One of the oldest forms of transportation is the horse. Since the invention of the motor vehicle most of us don’t ever really find any use for the horse except for recreational pursuits or taking a loved one on one of those sunset beach trots on some tropical island. In 2001 a small SOF outfit found themselves inserted into Afghanistan with the only mode of transportation being a horse. Some of the unit had never rode horses, let alone horses carrying them and all their gear using wooden saddles. They quickly adapted and found that the horses allowed for them to blend into the environment and that they were the right tool for the job, or should I say animal for the job.
An opportunity arose where I would be thrusted into learning how to travel by horse while carrying a rifle and my gear. While doing this, we would also learn the basics of tracking. I never rode a horse, and I should say, I’m not to fond of horses. However, I am interested in tracking and to learn it from legendary tracker Jim Grasky (Retired Border Patrol Agent, Vietnam SOF Veteran and founder of BORTAC) I quickly jumped at the chance.
Grasky is pushing 80 years of age but you can’t tell by the way he handles a horse. He’s also a great teacher who continues to teach Border patrol agents as well as DoD SOF units in the art of tracking and traveling by horse. Grasky started out the class by teaching us that what we learned and know about tracking started with the Apache Scouts. This brief history lesson centered around Chiricahua Apache Chief, Cochise. The class took place in the Dragoon Mountains in Arizona, right next to the Stronghold of Cochise. Similarities were drawn between the Apache warrior and todays fighting soldier giving us insight into the history. Grasky’s approach brought us back to those simpler times and added more value to what we would be learning later. At times he would talk about the men of Task Force Dagger and ask us to imagine ourselves in that position and the challenges a modern fighting unit would face.
After the brief history lesson, we began to talk about the basics of tracking and how the environment, especially the light, plays a huge role in telling a story. It’s not just about following footprints but it’s taking the entire scene in and forming a narrative that can help in solving a crime, tracking an individual wanted for questioning or chasing down an enemy unit. Grasky had set up four areas and challenged us to figure out what had transpired in each of the scenarios and pull what information we could from the signs.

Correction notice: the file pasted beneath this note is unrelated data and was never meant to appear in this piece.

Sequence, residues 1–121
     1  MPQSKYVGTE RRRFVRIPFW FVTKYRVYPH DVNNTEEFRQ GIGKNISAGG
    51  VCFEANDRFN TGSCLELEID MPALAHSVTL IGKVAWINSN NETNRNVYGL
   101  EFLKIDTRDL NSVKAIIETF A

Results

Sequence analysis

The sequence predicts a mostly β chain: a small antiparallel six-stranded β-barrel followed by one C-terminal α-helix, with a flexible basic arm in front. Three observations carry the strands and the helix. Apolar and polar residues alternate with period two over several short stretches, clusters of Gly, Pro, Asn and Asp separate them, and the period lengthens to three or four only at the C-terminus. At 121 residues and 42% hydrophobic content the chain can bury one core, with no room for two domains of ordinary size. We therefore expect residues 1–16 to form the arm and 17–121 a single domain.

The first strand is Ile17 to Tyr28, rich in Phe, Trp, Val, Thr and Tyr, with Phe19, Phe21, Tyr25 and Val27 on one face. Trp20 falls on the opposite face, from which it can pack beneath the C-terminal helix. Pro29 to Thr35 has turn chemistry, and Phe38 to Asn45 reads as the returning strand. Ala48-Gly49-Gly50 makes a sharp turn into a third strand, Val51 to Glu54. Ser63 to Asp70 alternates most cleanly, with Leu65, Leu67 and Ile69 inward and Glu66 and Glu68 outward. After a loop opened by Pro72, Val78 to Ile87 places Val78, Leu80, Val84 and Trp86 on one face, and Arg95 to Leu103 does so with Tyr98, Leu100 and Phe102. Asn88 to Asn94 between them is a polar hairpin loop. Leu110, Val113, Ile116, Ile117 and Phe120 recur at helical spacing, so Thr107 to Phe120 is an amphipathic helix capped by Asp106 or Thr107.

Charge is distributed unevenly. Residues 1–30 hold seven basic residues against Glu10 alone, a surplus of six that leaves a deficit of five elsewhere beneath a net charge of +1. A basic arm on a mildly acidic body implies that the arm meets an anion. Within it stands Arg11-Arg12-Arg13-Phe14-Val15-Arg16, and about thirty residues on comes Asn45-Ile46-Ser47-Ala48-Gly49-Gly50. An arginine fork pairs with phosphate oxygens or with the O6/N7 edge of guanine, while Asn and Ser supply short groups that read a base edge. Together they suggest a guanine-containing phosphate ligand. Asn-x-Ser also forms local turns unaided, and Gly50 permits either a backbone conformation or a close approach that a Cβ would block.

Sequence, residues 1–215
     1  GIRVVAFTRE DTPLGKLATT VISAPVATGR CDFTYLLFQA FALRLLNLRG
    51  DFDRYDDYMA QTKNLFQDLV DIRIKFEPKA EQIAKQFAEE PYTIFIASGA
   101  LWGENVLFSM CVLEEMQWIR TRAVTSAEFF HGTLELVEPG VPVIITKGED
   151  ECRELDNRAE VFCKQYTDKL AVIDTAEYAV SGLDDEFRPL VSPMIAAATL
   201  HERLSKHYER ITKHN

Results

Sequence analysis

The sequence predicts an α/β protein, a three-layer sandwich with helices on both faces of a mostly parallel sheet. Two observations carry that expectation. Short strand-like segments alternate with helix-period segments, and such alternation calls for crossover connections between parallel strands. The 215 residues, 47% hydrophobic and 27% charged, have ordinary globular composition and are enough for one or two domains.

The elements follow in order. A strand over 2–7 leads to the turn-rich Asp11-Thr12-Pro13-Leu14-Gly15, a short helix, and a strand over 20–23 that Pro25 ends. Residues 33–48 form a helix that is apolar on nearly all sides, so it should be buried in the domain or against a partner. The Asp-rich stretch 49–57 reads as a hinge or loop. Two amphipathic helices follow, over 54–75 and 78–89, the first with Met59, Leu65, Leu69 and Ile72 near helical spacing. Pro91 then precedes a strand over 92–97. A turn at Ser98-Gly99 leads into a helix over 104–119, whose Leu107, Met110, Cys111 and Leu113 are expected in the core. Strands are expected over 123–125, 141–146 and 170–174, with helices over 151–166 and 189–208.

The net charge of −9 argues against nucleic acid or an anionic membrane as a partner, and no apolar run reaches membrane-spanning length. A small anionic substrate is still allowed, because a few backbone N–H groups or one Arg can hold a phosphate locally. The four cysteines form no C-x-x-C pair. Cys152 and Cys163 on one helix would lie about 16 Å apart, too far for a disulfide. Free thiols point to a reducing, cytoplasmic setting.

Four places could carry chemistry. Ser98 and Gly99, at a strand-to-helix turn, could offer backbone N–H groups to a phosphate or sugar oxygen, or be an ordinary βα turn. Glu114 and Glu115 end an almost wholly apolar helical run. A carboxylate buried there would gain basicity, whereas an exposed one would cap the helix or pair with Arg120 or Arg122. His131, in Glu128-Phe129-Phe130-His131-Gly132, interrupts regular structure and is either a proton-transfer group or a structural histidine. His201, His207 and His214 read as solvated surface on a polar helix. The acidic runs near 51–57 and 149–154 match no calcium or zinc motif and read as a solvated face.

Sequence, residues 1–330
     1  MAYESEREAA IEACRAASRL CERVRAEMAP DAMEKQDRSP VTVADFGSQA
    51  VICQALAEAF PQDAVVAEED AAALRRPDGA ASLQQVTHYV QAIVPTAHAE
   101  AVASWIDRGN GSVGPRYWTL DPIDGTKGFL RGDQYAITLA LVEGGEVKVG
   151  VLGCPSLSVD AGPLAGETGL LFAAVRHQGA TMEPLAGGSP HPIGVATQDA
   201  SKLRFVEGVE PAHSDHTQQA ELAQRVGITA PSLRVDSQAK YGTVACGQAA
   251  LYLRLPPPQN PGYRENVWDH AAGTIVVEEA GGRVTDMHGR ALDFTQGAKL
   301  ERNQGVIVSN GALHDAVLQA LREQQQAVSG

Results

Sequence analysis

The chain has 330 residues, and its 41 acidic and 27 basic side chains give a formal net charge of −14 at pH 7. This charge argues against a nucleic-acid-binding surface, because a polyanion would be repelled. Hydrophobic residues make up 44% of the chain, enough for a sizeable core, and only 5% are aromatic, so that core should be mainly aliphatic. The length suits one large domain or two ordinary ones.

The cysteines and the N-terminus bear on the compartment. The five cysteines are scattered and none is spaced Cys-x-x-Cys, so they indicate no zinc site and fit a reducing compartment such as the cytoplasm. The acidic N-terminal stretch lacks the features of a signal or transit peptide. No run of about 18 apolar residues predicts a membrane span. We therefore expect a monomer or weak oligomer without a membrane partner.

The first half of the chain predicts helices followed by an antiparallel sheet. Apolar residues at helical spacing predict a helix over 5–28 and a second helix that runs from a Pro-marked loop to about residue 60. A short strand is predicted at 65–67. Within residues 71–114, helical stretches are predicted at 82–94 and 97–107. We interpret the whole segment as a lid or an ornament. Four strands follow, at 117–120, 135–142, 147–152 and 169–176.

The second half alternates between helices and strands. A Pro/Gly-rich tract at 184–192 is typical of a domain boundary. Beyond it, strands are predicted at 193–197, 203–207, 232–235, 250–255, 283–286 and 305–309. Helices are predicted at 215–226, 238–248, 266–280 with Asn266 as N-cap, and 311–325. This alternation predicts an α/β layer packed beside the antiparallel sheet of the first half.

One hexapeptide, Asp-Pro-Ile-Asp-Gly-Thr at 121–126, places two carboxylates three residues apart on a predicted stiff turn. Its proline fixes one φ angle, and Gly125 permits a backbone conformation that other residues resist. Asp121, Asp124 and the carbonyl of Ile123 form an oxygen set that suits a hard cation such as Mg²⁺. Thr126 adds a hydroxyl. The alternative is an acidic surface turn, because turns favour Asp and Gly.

The scenarios ranged from ambush to a struggle. We had to figure out as much as we could from the signs. This included, height, size, how many, were they left-handed and more. The students were divided into groups and we then had to take notes as best we could. When we shared our findings with the entire group and Grasky, it was amazing to hear what we all pulled from what little we had. I never thought of tracking beyond just chasing some body through an environment, this way of thinking opened my mind and pushed me to think in terms of a narrative. Grasky then shared stories and cases from his Border Patrol days that were solved or at least generated leads based on this understanding of the environment and thinking in terms of the narrative.
Towards the end of the day Grasky challenged us to track him and his partner. We had Freddy Osuana from Greenside Tracking to help provide guidance for our newly learned basic skill set. It was a great learning experience because we worked as a team in deciphering the signs we found out in the wild. When we finally caught up to Grasky, he asked us to tell him what we saw and what we learned from the tracks we found. We were able to figure out how he traveled and how fast he traveled through the brush. We also were able to tell when he had walked the horse and took breaks before proceeding.
The following day we mounted horses with all our gear and headed out into the wild. Now, I’m not going to make up some shit where I tell you I mounted the horse with my pack and boom stick and rode across the Arizona terrain like a true cowboy. Instead I’m going to tell you how my horse hated me and wanted nothing to do with me. After a few sketchy moments I made the decision not to ride the horse and opted to ride in the ATV instead. ATV’s are like horses, right? Unfortunately due to me not riding the horse I missed out on some of the training. I was disappointed I couldn’t follow through but glad I didn’t get thrown from the horse or get kicked in the chest by the horse.
The biggest take away from the event was how important it is to vary up your training and build off of your skill sets. Learning about tracking in this basic class caused me to now look at environments differently. Even though my horse experience was lack luster I could see the importance for military units to learn how to travel by horse and develop tracking skills that can be of benefit especially with regard to the new type of enemy they are facing.